Should Your Child Take Piano Lessons?

Which fall pastime is the right for your child?

Photography by Camera Eye Photography via Flickr (cc)

Photography by Camera Eye Photography via Flickr (cc)

Piano parents know that getting their kids into—and sticking with—piano can take dedication. Fortunately there is a range of teaching options available. Some instructors offer programming in schools, others in a studio and many teach out of their homes or will come to yours. Whatever the setup, for a quality class, search for registered teachers who are accredited within their province.

Children generally work one-on-one with a teacher and in the first year, progress toward playing with two hands, learning rhythms and reading notes. “In my studio I always interview potential new students and their parents.

This allows me to assess the child for readiness (concentration, listening and pitch skills),” says Edmonton’s Patricia Frehlich, public relations and marketing chair of the Canadian Federation of Music Teachers’ Associations. Students can start piano at age five, but ages six to seven might be better, depending on the child, she adds.

Piano also comes with homework. Frehlich suggests beginners start with about 20 to 30 minutes of practice five days a week, but that may not always happen. “Our nine-year-old, Nigel, has a half-hour lesson weekly throughout the school year, with about 10 minutes of practice every couple of nights,” says mom Tina Newlove of Campbellville, Ont.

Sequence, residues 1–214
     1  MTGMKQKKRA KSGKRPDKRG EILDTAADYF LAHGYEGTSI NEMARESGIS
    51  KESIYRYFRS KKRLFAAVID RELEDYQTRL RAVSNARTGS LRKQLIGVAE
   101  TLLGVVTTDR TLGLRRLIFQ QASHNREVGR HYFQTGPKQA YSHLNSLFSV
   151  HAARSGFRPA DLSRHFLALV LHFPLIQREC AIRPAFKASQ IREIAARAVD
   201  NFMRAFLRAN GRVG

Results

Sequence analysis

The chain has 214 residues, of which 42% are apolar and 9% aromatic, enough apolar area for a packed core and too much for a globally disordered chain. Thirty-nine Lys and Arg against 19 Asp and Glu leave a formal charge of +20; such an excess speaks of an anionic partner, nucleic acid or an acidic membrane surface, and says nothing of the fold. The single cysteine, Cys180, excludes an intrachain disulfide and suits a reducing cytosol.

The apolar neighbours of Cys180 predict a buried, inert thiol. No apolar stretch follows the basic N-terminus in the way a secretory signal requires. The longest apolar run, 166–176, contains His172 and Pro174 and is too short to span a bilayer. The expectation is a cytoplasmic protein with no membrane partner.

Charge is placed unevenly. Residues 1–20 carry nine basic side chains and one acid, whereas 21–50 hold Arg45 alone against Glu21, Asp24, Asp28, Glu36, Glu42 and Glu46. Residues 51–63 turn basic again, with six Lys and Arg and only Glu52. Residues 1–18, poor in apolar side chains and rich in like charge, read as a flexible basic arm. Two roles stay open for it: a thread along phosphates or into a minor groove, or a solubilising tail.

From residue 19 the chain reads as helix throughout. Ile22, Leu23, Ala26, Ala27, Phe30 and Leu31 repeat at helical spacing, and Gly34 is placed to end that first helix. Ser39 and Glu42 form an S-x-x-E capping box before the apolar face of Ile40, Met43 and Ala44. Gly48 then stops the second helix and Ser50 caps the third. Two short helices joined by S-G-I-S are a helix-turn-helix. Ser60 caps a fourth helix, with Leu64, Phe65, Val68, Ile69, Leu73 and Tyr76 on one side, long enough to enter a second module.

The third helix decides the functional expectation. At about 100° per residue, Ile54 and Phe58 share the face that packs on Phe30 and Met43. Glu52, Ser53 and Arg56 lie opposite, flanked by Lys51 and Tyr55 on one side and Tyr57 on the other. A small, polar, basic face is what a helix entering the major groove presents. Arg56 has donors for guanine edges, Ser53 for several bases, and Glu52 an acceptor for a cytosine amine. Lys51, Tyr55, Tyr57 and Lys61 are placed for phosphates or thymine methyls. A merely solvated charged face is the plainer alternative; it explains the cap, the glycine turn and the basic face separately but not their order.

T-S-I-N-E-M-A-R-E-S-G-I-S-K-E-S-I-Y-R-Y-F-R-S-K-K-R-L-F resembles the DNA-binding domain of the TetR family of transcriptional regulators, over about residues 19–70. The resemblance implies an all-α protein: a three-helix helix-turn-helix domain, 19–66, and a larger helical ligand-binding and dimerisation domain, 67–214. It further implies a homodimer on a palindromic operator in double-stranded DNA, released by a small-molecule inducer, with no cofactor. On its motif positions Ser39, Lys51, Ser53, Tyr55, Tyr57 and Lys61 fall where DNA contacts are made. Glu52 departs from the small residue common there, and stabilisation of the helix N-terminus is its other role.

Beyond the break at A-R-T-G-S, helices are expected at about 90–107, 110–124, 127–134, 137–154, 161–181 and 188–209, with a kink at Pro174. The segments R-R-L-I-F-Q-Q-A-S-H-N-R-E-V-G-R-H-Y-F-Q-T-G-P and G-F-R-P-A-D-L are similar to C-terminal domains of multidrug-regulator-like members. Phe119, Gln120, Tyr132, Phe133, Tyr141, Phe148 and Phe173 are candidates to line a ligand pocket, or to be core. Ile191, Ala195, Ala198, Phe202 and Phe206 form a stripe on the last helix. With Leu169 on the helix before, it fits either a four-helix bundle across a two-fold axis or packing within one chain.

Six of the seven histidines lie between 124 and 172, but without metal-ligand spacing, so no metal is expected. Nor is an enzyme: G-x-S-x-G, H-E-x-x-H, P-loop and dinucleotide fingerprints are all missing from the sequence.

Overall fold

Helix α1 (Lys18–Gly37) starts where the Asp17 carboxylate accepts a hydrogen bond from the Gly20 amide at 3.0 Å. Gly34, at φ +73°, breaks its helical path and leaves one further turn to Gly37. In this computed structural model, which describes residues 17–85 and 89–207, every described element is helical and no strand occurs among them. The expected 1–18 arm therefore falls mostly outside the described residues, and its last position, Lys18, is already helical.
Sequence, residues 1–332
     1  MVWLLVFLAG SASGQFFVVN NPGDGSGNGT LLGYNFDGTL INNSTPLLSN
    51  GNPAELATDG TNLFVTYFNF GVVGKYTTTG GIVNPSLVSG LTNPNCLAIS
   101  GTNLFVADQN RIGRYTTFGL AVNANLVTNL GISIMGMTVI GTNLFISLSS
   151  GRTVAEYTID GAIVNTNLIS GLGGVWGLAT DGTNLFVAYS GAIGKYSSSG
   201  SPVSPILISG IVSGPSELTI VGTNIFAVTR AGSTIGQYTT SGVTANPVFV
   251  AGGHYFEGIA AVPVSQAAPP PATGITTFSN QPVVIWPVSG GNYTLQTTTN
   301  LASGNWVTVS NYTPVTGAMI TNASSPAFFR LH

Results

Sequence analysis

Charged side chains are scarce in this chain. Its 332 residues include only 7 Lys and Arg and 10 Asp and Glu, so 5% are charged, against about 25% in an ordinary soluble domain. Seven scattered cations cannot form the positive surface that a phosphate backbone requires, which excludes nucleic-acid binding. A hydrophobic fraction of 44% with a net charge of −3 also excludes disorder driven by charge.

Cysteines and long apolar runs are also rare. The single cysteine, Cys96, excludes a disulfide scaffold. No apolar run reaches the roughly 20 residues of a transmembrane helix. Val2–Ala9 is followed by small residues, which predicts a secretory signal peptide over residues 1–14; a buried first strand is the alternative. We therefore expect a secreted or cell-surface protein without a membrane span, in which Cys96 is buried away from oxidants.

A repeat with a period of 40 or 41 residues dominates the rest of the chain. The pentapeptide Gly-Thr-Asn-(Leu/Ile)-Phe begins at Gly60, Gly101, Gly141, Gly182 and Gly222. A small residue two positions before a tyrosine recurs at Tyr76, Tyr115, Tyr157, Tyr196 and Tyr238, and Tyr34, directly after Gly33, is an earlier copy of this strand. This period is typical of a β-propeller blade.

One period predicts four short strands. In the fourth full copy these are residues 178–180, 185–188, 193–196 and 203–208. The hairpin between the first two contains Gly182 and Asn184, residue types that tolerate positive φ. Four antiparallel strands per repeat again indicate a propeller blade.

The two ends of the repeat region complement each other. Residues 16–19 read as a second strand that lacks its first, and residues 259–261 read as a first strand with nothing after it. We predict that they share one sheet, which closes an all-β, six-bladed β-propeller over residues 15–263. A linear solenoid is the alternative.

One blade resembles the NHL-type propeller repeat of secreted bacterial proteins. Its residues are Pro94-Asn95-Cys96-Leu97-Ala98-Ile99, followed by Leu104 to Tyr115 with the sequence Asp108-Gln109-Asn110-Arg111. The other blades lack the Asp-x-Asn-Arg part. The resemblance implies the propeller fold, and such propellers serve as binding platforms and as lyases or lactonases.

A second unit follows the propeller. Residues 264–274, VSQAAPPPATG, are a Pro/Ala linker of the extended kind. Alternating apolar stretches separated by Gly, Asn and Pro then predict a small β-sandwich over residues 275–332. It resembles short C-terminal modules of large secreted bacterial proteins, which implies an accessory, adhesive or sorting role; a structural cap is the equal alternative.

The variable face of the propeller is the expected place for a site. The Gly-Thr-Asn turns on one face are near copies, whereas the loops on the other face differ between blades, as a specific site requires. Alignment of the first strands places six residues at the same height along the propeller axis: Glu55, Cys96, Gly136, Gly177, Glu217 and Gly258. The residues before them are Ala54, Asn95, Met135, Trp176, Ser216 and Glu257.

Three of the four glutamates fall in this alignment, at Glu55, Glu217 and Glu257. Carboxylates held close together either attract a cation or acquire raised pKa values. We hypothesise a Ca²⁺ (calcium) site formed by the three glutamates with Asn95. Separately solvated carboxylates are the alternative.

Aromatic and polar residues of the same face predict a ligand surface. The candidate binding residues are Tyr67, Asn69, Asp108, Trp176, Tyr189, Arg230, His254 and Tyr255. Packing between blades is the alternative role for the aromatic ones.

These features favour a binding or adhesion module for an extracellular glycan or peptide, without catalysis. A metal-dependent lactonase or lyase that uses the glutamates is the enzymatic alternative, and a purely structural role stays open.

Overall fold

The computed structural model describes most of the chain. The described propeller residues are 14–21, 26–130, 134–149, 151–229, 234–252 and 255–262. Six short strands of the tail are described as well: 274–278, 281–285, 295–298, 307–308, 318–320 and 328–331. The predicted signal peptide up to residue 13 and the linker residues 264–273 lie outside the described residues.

Piano runs under a graded system and, like dance, children can work toward examinations through the Royal Conservatory of Music or Conservatory Canada, if they wish, but it is not required. And even though the year runs consistently with the school year—September to June—progress does not. For example, it can take three years to reach Grade 1 piano.

Frehlich estimates piano lessons run about $1,000 a year. Exams and books will cost extra.

Does My Kid Have It?
Talented students tend to have perfect pitch, can match tone and are creative at the
piano, says Frehlich. She also says that these children learn and process the music faster than other children, and also have a sharp memory for remembering notes.

To learn more, please visit Canadian Federation of Music Teachers’ Associations

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